• Use writing to define what feels like “consistency” for your writing practice

What, to you, is consistent? Why do you want consistent? Is consistency just having the feeling of a regular writing practice? Is it just feeling the reward of cutting one hour a few times a week for you to write for yourself? Do you feel some self-imposed pressure to have a crazy, daily, 3,000-word practice? If so, why?

Express what you want and need, or explore what you want and need.

I don’t meant to sound professorial by answering your questions by posing questions. But if you’re struggling to start a writing practice and want a more consistent one, you should get some questions for yourself to define what it is that you want.

You might also…

Q2) “How do I write a book without going crazy?”

A: By remembering that writing a book is really, really hard. By refusing to sink yourself into the woe-is-me routine. By making strides to make your book-writing journey a reward, in itself.

I’m not sure there’s any way around it. Writing a book is really, profoundly, excruciatingly difficult.

As a multi-published author, my experience with book-writing has been that it’s more complex to figure out what not to say in a book than what to say. You might feel similarly that book-writing is confronting the infinite potential of everything that could be said.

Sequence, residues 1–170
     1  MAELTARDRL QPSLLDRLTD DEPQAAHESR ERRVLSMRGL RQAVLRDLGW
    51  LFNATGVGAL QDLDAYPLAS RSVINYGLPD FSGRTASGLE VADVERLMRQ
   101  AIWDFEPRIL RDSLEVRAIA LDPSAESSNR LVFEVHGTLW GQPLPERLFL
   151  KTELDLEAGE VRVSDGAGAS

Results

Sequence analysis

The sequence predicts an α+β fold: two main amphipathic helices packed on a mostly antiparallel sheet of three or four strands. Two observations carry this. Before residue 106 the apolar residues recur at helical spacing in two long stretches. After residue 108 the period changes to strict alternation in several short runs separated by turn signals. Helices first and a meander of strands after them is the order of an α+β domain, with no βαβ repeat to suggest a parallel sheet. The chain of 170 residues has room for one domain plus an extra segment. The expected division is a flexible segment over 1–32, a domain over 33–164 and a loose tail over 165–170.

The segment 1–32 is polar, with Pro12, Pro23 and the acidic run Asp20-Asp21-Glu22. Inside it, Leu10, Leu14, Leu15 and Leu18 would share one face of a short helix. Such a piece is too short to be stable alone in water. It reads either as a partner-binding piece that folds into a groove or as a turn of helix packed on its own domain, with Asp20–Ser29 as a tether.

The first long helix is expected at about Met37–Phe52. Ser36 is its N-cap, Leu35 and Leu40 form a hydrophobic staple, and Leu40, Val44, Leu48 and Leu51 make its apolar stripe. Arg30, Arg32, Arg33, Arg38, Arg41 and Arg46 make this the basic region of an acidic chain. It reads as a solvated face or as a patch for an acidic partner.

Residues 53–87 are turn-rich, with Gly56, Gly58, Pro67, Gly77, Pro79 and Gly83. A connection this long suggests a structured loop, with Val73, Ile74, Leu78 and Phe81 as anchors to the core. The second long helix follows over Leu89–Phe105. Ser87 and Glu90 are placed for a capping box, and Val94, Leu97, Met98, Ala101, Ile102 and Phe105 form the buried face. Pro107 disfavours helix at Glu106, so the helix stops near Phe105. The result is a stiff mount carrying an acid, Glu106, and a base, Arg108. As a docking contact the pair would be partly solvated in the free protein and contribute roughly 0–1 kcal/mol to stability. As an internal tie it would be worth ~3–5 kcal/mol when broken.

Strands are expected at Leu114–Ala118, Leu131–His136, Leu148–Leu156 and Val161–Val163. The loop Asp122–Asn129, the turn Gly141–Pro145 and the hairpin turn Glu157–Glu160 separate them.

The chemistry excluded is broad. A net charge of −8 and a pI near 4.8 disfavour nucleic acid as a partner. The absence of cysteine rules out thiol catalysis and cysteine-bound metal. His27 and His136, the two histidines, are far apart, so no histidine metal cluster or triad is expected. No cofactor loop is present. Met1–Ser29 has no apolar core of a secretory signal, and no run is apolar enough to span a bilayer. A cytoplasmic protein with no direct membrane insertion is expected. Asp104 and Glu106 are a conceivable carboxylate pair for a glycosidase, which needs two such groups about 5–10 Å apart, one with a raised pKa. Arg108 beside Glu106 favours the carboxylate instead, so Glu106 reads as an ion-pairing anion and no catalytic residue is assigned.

No matter what aspect of book-writing you find to be the toughest, you have to fight to make your book-writing journey a reward in itself, first. In the end, it’s all about the final product, sure–but that doesn’t mean your book-writing experience is destined to be a horrible one.

You’re making art, after all. Your journey deserves to feel artful.

My advice to you is to make sure that you honor your personal values–how you want your book writing or artistic experience to feel–especially with these three key influences that will shape your writing experience:

  • Your book-writing environment(s): Where you’re writing and working, and if they’re nurturing or negatively affecting you.